In Rio Rancho this morning, the weather was cold, still and mostly clear. There are some clouds to our west, which is probably the leading edge of the approaching winter storm. I can’t believe we are half way through January.
The National Weather Service (NWS) in Albuquerque forecasts a potentially nasty day, with a 40% chance of scattered showers and snow showers this afternoon and evening, with a high temperature of 41 F. Accumulation in the Albuquerque Metro area is expected to be under a half inch. This evening, the showers will continue, with a low temperature of 25 F. The NWS has issued a hazardous weather outlook for today, concerning the snow. There will be a few inches of snow in the northern and eastern parts of the state, though Skywarn Spotter activation is unlikely.
It is too early for visible satellite imagery.
The enhanced infrared satellite imagery shows the approaching storm system, which is entering the Four Corners region.
The water vapor satellite imagery shows that there is adequate moisture associated with this system.
The 12Z upper air sounding from Albuquerque is unavailable at this time.
The surface observations (from the SPC Mesoscale Analysis Map) show the clear skies, cold temperatures and still winds.
The surface pressure map shows the pressure drop from a few days ago. Currently, pressure over the Albuquerque Metro area is near the standard, but the overall trend is downward.
The RAP shows that the pressure will decrease over the next six hours, with a weak lee-side low developing in the Eastern Plains of New Mexico. The winds will also increase slightly through the metro area this afternoon.
The critical thicknesses plot is a little surprising to me. With the cold surface temperatures, I expected the critical thickness contours to be much closer to New Mexico than they are. As it turns out, no critical thickness contours encompass any part of New Mexico, though the 0 C isotherm covers most of the state. This may hinder severe winter weather.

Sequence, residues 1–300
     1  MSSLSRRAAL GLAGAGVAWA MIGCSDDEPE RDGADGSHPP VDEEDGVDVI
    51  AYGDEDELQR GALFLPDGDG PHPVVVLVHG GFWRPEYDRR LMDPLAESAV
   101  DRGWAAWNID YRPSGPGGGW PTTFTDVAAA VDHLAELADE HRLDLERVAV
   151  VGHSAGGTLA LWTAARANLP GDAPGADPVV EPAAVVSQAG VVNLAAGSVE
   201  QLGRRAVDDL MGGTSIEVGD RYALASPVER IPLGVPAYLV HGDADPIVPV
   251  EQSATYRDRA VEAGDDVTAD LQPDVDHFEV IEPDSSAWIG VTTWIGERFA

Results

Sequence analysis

Synoptically speaking, the 300 mb NAM chart (from Unisys) shows a deepening trough and embedded shortwave digging into the southwest. This is partially responsible for our winter weather.
At the 500 mb level, there will be some Positive Vorticity Advection (PVA) moving through the northern and central part of the state throughout the afternoon and evening.
At the 700 mb level, there is some synoptic scale lift, leading to rapidly-rising air in the western part of the state today.
The 850 mb level NAM chart shows no significant thermal advection over the state today, though it does show a temperature gradient from north to south. However, I have excluded it from today’s post.
Overall, I expect some precipitation today throughout the Albuquerque Metro area. It may start out as rain and then transition to snow this evening. Either way, I do expect a messy night tonight.
Thank you for reading my forecast.
The upper air soundings and mesoscale analysis plots are from the Storm Prediction Center website.
The forecasted upper air soundings are from TwisterData.com.
The surface observation and upper level charts are from Unisys Weather.
The satellite data is from NASA – MSFC